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Association of environmental traits with the geographic ranges of ticks (Acari Ixodidae) of medical and veterinary importance in the western Palearctic: a digital data set
Uppsala University, Disciplinary Domain of Science and Technology, Biology, Department of Organismal Biology, Systematic Biology.
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2013 (English)In: Experimental & applied acarology, ISSN 0168-8162, E-ISSN 1572-9702, Vol. 59, no 3, 351-366 p.Article in journal (Refereed) Published
Abstract [en]

We compiled information on the distribution of ticks in the western Palearctic (11°W, 45°E; 29°N, 71°N), published during 1970-2010. The literature search was filtered by the tick's species name and an unambiguous reference to the point of capture. Records from some curated collections were included. We focused on tick species of importance to human and animal health, in particular: Ixodes ricinus, Dermacentor marginatus, D. reticulatus, Haemaphysalis punctata, H. sulcata, Hyalomma marginatum, Hy. lusitanicum, Rhipicephalus annulatus, R. bursa, and the R. sanguineus group. A few records of other species (I. canisuga, I. hexagonus, Hy. impeltatum, Hy. anatolicum, Hy. excavatum, Hy. scupense) were also included. A total of 10,280 records was included in the data set. Almost 42 % of published references are not adequately referenced (and not included in the data set), host is reported for only 61 % of records and a reference to time of collection is missed for 84 % of published records. Ixodes ricinus accounted for 44.3 % of total records, with H. marginatum and D. marginatus accounting for 7.1 and 8.1 % of records, respectively. The lack of homogeneity of the references and potential pitfalls in the compilation were addressed to create a digital data set of the records of the ticks. We attached to every record a coherent set of quantitative descriptors for the site of reporting, namely gridded interpolated monthly climate and remotely sensed data on vegetation (NDVI). We also attached categorical descriptors of the habitat: a standard classification of land biomes and an ad hoc classification of the target territory from remotely sensed temperature and NDVI data. A descriptive analysis of the data revealed that a principal components reduction of the environmental (temperature and NDVI) variables described the distribution of the species in the target territory. However, categorical descriptors of the habitat were less effective. We stressed the importance of building reliable collections of ticks with specific references as to collection point, host and date of capture. The data set is freely downloadable.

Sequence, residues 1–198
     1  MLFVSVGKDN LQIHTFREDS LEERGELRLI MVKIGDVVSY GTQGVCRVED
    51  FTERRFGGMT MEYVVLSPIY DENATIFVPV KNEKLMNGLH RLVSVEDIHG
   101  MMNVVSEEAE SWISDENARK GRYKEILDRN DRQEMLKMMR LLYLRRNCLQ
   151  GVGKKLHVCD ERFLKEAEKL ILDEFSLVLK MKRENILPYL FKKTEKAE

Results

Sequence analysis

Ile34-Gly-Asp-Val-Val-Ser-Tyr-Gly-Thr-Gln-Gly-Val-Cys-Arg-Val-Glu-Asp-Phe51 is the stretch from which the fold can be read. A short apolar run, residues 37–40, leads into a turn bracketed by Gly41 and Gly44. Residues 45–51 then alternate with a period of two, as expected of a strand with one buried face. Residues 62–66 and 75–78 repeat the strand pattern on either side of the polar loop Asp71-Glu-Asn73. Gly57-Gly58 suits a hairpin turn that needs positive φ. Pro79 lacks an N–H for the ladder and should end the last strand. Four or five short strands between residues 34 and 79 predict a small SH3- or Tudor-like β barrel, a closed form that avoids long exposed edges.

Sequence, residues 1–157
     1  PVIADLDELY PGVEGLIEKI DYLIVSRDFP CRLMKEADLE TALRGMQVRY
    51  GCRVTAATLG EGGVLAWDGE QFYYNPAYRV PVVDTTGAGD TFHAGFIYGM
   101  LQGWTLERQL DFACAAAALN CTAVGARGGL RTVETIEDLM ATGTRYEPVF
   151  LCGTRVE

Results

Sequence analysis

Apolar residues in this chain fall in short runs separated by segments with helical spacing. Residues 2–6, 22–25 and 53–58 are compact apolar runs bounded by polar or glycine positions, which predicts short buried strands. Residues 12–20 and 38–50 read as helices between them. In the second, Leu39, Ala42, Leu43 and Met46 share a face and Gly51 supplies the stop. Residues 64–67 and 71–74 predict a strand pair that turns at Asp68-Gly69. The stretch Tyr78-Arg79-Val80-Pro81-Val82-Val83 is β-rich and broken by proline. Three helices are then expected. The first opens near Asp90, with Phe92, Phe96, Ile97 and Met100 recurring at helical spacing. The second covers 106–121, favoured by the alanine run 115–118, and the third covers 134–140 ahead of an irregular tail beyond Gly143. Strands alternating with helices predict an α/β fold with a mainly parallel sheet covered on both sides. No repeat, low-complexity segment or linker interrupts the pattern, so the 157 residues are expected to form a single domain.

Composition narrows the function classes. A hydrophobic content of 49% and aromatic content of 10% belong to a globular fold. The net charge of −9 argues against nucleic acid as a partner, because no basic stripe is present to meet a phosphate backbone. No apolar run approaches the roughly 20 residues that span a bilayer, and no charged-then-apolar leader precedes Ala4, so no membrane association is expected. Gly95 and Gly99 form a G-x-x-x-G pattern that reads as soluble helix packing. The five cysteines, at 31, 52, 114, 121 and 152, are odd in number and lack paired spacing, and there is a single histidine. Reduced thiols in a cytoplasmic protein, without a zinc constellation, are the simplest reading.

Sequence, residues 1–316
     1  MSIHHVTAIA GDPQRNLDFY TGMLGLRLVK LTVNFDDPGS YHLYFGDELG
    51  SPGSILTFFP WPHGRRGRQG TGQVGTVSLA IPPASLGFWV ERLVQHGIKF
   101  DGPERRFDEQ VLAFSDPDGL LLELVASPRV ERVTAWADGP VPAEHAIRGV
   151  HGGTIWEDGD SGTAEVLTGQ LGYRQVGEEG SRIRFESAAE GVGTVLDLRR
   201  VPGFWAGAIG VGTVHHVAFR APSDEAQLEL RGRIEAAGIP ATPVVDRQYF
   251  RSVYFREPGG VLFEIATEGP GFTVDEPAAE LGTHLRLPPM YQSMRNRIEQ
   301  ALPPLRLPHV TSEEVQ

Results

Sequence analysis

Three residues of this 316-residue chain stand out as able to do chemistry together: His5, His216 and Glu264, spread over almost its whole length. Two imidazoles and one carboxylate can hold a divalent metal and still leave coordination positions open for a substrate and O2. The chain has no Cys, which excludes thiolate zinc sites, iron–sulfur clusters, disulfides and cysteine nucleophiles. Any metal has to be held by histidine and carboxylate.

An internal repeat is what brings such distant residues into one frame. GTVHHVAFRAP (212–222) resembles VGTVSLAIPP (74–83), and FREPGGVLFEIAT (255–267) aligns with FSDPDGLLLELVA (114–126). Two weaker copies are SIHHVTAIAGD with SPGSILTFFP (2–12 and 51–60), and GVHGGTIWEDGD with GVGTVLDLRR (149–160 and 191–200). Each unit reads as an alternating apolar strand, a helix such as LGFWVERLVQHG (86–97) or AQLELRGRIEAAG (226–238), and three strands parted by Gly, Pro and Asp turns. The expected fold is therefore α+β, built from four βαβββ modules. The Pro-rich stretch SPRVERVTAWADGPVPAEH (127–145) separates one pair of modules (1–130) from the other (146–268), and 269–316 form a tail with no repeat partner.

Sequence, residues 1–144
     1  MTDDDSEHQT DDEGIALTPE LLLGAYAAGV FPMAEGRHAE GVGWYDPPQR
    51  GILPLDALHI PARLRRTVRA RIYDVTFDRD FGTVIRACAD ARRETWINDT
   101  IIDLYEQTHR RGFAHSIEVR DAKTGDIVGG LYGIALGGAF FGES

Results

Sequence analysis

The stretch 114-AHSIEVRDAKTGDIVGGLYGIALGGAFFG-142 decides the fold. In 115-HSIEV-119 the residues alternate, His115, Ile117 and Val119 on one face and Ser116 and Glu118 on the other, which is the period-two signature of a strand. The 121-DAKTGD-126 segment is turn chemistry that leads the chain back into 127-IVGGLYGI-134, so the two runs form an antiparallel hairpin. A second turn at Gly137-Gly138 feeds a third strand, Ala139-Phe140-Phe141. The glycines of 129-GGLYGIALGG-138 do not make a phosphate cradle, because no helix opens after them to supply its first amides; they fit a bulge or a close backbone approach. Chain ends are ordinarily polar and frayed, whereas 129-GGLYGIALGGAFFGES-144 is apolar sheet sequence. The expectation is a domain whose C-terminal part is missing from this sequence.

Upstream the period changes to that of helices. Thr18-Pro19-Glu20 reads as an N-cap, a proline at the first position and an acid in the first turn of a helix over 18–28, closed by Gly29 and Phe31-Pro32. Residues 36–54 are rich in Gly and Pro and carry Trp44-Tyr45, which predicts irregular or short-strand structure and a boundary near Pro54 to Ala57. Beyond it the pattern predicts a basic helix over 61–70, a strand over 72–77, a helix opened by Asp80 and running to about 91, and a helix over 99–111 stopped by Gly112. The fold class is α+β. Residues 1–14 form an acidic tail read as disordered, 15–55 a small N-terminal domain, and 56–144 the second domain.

Place, publisher, year, edition, pages
2013. Vol. 59, no 3, 351-366 p.
Keyword [en]
Compilation, Distribution, Ixodidae, Western Palearctic
National Category
Natural Sciences
URN: urn:nbn:se:uu:diva-191364DOI: 10.1007/s10493-012-9600-7ISI: 000314279900008OAI: oai:DiVA.org:uu-191364DiVA: diva2:585471
Available from: 2013-01-10 Created: 2013-01-10 Last updated: 2013-03-04Bibliographically approved

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Jaenson, Thomas GT
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